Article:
An American Family History

William and Mary Parish Seating 1752

  from Proceedings of the Council of Maryland, 1732:1753, Volume 28, Page 546  
A society's legal system reveals much about it. A broad spectrum of behavior was considered criminal in Colonial Maryland and punishment was harsh.
Maryland was established with religious freedom for Catholics. The colonial economy was based on tobacco cultivated by Africans who had been enslaved.

On June 8, 1752 the Vestry of William and Mary Parish in Charles County met to assign seating in the church. The vestry included:

The Reverend
Vestrymen: Mr. Samuel Clagett, Mr Thomas Cottrell, Mr Richard Smith, Mr Edward Ford, Mr Nathan Harris, Mr Charles Bruce
Church warden: Mr John Marshall

To the honourable Richard Lee, Esquire 1
Mr Benjamin Fendall & his Son John 2
Mr Wm Courts, Elizabeth Courts & Wm Penn 3
Colonel George Dent and George Dent, Jr.
Richard Smith his Sons, and Thomas Cottrell 5
Barton Warren and Edward Ford 6
Charles Yates John Wilder & his Son John 7
The Ministers Family 8
James Latimore, Philip Jenkins, John Jenkins & Benjamin Douglass. 9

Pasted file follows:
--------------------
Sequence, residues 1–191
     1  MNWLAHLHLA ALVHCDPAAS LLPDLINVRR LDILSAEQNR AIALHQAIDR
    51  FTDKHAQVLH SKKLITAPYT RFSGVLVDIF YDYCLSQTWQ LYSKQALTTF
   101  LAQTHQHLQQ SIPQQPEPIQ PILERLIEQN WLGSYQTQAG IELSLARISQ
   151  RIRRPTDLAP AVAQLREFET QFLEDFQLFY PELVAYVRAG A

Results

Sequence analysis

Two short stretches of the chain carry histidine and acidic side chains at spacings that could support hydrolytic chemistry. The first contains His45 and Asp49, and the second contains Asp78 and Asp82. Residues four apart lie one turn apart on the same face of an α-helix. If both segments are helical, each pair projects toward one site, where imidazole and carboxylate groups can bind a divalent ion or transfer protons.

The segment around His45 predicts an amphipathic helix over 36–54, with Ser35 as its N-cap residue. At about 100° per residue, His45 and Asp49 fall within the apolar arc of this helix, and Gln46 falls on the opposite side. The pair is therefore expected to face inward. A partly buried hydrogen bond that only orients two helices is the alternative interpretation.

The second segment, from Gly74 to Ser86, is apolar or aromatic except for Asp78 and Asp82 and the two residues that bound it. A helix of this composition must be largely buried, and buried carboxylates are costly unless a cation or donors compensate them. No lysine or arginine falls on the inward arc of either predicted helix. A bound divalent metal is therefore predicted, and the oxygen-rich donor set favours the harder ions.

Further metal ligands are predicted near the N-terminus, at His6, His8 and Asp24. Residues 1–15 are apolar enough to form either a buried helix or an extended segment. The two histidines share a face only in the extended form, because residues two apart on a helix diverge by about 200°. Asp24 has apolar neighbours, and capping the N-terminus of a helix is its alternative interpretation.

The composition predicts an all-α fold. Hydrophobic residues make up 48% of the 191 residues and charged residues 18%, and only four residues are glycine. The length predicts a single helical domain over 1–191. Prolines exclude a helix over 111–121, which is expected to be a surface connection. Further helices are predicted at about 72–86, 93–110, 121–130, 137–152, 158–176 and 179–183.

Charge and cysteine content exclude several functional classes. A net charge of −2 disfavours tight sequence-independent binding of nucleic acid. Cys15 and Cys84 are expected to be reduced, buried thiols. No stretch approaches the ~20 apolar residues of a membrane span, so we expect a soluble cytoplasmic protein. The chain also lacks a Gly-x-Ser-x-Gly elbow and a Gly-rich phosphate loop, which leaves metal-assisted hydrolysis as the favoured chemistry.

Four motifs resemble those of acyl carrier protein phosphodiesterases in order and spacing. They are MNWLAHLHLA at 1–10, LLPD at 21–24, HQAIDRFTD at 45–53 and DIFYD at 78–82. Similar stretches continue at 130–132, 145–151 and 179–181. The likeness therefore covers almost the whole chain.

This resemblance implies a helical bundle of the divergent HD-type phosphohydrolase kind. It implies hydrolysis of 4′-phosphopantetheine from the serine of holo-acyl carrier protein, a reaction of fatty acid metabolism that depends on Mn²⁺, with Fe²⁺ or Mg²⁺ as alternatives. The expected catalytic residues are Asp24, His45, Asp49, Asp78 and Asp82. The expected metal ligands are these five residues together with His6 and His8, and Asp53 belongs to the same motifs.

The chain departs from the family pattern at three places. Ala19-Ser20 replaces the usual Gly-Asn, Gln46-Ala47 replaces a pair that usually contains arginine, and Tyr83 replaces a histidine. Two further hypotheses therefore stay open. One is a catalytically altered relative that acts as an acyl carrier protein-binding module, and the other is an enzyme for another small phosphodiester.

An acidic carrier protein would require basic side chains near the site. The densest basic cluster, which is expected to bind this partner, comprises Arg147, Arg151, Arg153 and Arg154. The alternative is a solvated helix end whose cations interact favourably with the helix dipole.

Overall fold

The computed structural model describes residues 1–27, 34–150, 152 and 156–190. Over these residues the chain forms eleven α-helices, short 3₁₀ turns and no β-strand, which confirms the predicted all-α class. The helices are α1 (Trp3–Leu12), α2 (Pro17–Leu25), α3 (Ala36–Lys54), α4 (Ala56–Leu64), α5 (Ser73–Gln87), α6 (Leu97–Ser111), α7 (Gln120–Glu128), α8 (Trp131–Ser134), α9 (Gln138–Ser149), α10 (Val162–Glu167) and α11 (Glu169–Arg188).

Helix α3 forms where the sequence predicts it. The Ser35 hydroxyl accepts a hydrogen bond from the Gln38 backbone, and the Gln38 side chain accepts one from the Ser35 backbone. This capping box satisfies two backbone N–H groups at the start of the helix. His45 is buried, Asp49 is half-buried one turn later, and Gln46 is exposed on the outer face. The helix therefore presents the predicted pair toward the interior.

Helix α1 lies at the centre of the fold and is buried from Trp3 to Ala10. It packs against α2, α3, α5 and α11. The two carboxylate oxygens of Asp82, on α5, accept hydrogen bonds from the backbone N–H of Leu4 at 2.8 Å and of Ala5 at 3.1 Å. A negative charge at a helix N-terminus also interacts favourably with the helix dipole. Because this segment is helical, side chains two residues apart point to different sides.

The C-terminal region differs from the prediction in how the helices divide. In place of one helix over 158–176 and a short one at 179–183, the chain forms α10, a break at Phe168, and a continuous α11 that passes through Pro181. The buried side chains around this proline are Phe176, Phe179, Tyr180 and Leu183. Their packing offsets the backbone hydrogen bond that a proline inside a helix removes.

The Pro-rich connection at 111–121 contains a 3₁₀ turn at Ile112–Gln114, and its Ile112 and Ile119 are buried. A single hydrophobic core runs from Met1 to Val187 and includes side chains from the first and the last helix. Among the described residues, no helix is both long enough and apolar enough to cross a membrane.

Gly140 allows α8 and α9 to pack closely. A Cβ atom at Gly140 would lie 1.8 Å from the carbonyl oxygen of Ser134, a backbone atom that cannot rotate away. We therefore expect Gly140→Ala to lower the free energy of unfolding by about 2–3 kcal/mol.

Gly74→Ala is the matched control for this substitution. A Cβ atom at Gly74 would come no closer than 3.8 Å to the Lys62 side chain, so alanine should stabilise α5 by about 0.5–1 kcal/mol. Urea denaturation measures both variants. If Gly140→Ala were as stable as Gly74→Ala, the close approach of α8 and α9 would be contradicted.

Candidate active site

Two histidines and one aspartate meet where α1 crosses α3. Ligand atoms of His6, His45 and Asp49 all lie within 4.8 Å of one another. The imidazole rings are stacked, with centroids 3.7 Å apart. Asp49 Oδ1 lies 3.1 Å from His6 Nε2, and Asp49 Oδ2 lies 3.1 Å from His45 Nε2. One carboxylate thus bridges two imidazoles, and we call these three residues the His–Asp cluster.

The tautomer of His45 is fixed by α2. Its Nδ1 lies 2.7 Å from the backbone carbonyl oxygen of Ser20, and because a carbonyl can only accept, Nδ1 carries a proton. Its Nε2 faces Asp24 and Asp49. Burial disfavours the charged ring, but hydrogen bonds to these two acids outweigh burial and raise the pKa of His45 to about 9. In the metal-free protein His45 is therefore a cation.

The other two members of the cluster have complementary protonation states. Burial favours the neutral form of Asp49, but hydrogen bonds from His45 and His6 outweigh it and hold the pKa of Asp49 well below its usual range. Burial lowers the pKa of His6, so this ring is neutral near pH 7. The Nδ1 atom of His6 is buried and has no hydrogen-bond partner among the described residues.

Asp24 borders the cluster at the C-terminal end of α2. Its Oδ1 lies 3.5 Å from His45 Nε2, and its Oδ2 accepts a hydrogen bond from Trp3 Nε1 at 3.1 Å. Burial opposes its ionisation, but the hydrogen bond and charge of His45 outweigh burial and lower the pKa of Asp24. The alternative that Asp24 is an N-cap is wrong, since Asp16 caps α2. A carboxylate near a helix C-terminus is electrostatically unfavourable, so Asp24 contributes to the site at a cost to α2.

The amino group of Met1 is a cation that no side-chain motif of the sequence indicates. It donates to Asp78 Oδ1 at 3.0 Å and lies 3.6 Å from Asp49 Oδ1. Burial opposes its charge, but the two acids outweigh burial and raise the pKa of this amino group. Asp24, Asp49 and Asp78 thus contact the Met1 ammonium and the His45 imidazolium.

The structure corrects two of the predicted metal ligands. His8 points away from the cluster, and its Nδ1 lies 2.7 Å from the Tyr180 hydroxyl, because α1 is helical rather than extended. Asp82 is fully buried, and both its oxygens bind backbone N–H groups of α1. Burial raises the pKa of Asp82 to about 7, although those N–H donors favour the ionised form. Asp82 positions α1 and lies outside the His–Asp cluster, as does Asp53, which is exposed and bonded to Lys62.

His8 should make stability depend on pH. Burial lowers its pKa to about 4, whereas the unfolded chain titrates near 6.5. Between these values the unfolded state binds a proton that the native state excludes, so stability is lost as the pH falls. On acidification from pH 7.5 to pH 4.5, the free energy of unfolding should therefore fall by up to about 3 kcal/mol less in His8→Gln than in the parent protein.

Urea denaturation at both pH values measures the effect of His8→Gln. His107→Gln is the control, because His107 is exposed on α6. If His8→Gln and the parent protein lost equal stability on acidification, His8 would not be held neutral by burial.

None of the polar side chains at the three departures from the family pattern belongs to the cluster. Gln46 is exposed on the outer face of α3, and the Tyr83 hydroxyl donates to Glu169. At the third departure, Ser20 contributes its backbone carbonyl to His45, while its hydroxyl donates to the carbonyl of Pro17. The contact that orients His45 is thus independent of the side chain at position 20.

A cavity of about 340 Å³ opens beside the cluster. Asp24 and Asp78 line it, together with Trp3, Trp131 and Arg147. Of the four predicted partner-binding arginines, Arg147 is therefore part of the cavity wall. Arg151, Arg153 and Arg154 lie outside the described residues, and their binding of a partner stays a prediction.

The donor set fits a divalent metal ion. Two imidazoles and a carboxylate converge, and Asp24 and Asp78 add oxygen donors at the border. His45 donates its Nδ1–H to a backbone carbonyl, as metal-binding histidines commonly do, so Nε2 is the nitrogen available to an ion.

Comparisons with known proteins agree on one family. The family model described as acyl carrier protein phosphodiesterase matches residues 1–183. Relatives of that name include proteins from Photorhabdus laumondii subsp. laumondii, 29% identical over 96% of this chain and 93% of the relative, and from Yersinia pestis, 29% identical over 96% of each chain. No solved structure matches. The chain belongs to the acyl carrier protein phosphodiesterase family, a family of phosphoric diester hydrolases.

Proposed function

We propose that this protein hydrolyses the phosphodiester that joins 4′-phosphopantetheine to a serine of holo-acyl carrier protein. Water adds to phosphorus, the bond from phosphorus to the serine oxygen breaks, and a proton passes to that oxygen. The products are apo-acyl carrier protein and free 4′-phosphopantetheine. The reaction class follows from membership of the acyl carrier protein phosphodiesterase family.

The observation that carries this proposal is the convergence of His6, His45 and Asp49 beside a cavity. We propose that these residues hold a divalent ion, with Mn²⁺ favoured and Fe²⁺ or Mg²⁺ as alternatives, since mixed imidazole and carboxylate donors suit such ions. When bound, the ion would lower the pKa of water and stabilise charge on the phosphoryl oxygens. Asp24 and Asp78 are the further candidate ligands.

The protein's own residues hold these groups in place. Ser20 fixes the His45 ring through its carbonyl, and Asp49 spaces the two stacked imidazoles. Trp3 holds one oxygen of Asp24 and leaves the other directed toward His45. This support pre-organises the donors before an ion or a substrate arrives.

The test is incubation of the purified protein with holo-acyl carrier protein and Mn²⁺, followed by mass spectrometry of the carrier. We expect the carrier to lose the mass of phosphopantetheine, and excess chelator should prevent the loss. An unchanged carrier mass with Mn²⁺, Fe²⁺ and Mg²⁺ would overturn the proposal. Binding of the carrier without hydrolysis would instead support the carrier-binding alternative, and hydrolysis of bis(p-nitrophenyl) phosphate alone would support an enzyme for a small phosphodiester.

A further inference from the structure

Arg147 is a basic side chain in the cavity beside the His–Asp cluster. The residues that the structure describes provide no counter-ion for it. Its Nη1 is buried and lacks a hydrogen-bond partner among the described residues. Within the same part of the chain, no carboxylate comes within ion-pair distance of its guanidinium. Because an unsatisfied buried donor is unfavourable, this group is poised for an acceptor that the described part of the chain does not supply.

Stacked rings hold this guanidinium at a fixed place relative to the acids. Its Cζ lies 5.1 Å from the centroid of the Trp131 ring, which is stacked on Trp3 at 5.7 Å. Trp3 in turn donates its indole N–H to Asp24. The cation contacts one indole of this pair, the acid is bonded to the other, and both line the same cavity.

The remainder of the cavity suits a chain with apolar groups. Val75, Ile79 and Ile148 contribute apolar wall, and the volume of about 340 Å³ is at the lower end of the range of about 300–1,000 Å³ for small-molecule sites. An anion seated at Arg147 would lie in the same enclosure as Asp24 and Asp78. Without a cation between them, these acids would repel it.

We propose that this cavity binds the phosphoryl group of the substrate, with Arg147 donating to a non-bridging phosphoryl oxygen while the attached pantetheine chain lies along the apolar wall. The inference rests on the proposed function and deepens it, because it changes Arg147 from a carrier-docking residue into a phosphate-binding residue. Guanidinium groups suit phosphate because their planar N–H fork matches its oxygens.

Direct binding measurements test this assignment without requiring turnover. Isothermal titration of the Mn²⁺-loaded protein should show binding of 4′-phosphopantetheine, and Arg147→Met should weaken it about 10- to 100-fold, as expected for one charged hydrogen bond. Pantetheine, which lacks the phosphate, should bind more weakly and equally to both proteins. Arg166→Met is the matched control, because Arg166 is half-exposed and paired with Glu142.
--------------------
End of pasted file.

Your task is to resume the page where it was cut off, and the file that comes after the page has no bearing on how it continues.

Atwick Fearson, Jno Farr, Geo. Scroggin & Benjn Thomas. 10

Notley Maddox, Sarah Maddox, Anne Smoot & Edward Smoot 14
Joseph Joy, Judith Penn, and Notley Dutton 15
Thomas Bates, John Douglass, John Hamil & Jane Penn 16

Francis Posey, Harrison Musgrove, Charles John & Benjamin Philpot. 18

Authur Lee, Rebecca Howard, Jno Marshall & Richard Marshall 23
Joseph Douglass, Nathan Harris, Mary Brandt 24
Joseph Gwynn and Benjamin 25
Mary Marshall, Henry Thompson, Posthumus Groves & Jas Plant. 26
William Dent & Walter Hanson [son of Samuel Hanson] for their Tenants 27
Moses Hubbart, John Cavin, Jno Wakefield & Saml Chunn 28
Robert Yates, Charles Bruce & Robert Yates junr 29
Barton Hungerford & his Sons 30
Robt Mastin, Tyre Thomas, Widow Thomas & Richard Ratcliff. 31

Thomas Hatton, William Cage Samuel Gody and John Chun 32
George Elgin Patience Posey, Jacob Andrew Minitree William Guy & Sarah Martin. 33

No 11, 12, 13, 19, 20, 21, 22 left in common for Tenants
Others not being Freeholders.

No 17 .....for such young Persons that may sing.

A freeholder is the owner of a freehold estate which is an interest in land that is not fixed by a specified period of time, but which may last during the lifetime of a person.

Mister ( Mr.) was derived from master and Mrs. and Miss were derived from mistress. They indicated people of superior social status in colonial America.

As of 1692, Charles County, Maryland was divided into 4 parishes (7 hundreds): the lower and upper part of William & Mary Parish hundreds, the east and west side of Port Tobacco hundreds, lower and upper part of Nanjemy (later Durham) Parish hundreds, and the upper part of King & Queen Parish hundred.